LD_PRELOAD work in progress

Michael Terry michael.terry at canonical.com
Mon Mar 2 15:07:52 UTC 2015

Sorry, I've been distracted by unity8 work and holiday, but I'm coming back
to this thread.

So my original goal was to easily (and in shortish time frame) use archive
debs in a very fat (non-phone) snap.  Seems there are several possible ways
to do that (this list is collated from this thread, looking largely at
features instead of maintenance or security complexity):

Overlayfs (currently blessed approach):
- Won't work on android kernels without significant backport work on our end

- Is hairy to get right for all cases (many obscure low-level entry points
that take a filename, pitti warns there are gaps)
- App might make a direct ioctl calls that can't be intercepted
- Can't work for programs that statically-link glibc (which isn't so bad
because those aren't likely to want to pull in other debs)
- Won't work for set[ug]id programs (which isn't a problem for snappy use
cases right now, I believe)

- (out of my historical depth) Old competitor of overlayfs that we could
resurrect in cases that overlayfs can't work, so there would be some
maintenance work on our end to make this deprecated technology work again

Bind-mount farm:
- Resource heavy

- Terrible performance

(And a special mention that none of the above solutions are drop-in ready
for snaps yet.  And they all seem to need a script which actually does the
slurping of debs into their own file tree at snap-build-time.  That script
doesn't exist yet, right?)

So, pitti's warnings of doom around LD_PRELOAD are giving me strong pause.
But LD_PRELOAD may still be useful for some use cases that don't require
weird low-level debs that might hit the functionality gaps.  Especially
since it is self-contained and opt-in.  It can just be a tool some people
might want to use, as long as they understand the caveats.

In my specific use case (which is a fat snap with the entire stack of debs
between Ubuntu Core and unity8), I bet I will hit some of pitti's gaps.
Maybe what I want is a container solution like LXC to have a self-contained
system inside of the snap, at the cost of duplicating the Ubuntu Core layer.

(Though, how close are we to having overlayfs support ready to use for


On Thu, Feb 26, 2015 at 2:01 PM, Jamie Strandboge <jamie at canonical.com>

> On 02/26/2015 12:31 PM, Steve Langasek wrote:
> > On Wed, Feb 25, 2015 at 11:43:44AM -0600, Jamie Strandboge wrote:
> >> So, thinking about what overlayfs is trying to solve more-- there are
> really
> >> three things that could be in the overlay area:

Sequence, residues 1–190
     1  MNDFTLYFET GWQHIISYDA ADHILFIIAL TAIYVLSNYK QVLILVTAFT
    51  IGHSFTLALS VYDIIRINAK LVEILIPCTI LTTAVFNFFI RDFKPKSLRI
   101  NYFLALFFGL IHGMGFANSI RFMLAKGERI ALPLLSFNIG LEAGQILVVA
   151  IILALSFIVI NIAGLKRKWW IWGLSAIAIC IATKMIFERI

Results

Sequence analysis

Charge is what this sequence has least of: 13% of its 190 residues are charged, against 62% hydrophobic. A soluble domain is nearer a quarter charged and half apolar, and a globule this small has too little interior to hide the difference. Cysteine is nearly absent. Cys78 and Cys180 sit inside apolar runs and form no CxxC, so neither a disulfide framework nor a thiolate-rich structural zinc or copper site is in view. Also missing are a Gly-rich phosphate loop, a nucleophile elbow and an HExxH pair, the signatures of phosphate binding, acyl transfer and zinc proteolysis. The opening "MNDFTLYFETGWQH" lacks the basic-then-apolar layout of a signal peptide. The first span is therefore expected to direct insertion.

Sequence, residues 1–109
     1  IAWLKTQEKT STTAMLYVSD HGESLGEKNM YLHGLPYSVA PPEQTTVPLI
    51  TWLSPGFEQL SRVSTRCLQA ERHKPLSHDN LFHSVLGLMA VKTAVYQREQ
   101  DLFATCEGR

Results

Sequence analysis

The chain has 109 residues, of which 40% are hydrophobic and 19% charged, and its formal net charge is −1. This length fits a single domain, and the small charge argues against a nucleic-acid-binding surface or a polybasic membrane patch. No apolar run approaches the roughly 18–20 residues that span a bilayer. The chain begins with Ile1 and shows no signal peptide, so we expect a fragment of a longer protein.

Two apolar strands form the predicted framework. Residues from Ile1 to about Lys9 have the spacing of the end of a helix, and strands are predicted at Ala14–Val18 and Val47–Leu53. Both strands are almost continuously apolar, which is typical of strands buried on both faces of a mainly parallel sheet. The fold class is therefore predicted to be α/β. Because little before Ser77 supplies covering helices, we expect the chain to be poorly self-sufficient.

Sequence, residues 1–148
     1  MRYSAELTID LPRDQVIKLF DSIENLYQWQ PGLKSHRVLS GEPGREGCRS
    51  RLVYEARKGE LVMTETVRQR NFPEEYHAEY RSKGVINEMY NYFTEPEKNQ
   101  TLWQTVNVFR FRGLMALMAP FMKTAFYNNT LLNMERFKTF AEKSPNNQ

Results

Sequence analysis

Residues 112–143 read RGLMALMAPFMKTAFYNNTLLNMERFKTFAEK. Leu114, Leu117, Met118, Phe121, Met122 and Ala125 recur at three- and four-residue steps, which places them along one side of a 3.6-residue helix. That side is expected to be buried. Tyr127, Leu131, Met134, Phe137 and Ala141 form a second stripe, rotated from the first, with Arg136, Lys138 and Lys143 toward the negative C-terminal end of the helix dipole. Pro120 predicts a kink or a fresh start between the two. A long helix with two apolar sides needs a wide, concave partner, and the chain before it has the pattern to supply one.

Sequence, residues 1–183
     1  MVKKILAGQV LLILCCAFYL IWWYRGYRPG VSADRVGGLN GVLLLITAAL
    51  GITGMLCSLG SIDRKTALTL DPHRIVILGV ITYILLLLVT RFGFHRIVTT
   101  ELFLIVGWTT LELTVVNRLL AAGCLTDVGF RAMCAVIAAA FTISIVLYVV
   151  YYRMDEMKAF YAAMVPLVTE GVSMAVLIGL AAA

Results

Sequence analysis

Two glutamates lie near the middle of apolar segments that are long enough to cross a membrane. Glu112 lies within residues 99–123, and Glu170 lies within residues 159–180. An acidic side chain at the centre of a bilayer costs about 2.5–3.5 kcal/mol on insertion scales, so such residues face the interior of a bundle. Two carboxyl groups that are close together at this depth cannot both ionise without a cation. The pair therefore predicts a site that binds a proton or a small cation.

> >>  * libraries
> >>  * executables
> >>  * data files
> >
> >> There are essentially two things that we've thus far been thinking
> about that
> >> may use overlays:
> >>  * apps that reuse existing debs
> >>  * frameworks
> >
> > This formulation seems to suggest that frameworks would not reuse
> existing
> > debs.  But we have at least one case where we're trying to enable exactly
> > that, namely comfy.  How does that map to your model?
> >
> I didn't mean to suggest that per se, but I've always thought of comfy as
> something different: eg, a way to extend the system with useful tools but
> that
> other snaps wouldn't depend on. Certainly this is delivered as a snap, but
> I'm
> not sure if this is a normal snap with unconfined security policy for each
> binary or a special snap with no security policy attached to it.
> We've defined frameworks (and yes, I realize this hasn't hit the public
> list
> yet-- that is something I need to pick up) as: "frameworks exist primarily
> to
> provide mediation of shared resources (eg, ports, device files, sensors,
> cameras, etc)" and "frameworks are tightly coupled with separately
> maintained
> security policies that extend the security policy available to apps
> consuming a
> framework". This doesn't work with comfy-- eg, if comfy provides vim, and
> vim
> requires rw to everything on the system, and vim allows scripting, and a
> snap is
> allowed to use vim under vim's policy, then the snap can break out of
> confinement.
> But to your point about (non-comfy) frameworks, because frameworks need to
> be
> defined so specially, I imagine in practice they wouldn't use a lot of
> existing
> debs, but I don't see why they couldn't if they really wanted to.
> --
> Jamie Strandboge                 http://www.ubuntu.com/
> --
> snappy-devel mailing list
> snappy-devel at lists.ubuntu.com
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